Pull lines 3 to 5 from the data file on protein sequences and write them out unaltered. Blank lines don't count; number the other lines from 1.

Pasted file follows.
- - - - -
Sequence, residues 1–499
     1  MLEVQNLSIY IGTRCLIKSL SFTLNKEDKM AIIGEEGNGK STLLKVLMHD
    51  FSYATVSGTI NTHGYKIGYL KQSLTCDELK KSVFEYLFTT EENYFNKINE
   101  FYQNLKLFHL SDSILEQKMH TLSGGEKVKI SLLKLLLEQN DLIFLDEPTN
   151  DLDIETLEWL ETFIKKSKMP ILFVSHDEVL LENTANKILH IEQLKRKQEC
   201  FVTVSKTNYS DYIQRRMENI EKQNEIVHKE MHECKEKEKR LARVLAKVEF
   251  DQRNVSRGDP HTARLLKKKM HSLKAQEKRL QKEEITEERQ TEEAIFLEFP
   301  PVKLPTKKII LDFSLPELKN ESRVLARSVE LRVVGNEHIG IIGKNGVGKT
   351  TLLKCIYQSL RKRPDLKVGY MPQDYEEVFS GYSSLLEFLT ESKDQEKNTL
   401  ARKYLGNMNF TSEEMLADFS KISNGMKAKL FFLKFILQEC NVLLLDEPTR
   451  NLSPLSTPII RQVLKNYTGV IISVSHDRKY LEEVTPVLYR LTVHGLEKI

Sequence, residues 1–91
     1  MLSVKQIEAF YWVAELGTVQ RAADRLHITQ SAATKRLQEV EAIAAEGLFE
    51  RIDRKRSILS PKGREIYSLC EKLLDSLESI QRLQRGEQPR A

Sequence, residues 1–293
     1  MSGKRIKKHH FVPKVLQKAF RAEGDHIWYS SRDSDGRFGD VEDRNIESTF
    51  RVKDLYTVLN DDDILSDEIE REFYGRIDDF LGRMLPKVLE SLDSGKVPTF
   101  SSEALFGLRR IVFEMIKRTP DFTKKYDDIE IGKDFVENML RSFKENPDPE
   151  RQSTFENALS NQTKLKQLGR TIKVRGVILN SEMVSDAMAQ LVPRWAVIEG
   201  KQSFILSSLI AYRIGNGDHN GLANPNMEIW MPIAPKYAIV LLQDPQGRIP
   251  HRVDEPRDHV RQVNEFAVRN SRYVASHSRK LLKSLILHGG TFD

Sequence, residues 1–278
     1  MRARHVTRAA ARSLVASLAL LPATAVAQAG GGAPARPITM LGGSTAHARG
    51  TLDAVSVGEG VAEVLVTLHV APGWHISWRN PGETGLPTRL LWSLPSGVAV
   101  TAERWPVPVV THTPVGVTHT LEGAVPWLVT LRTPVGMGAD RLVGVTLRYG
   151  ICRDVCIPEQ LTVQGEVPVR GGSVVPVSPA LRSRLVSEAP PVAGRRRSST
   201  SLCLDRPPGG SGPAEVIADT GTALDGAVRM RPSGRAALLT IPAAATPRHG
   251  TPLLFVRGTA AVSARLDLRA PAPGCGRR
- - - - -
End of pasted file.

    51  FSYATVSGTI NTHGYKIGYL KQSLTCDELK KSVFEYLFTT EENYFNKINE
   101  FYQNLKLFHL SDSILEQKMH TLSGGEKVKI SLLKLLLEQN DLIFLDEPTN
   151  DLDIETLEWL ETFIKKSKMP ILFVSHDEVL LENTANKILH IEQLKRKQEC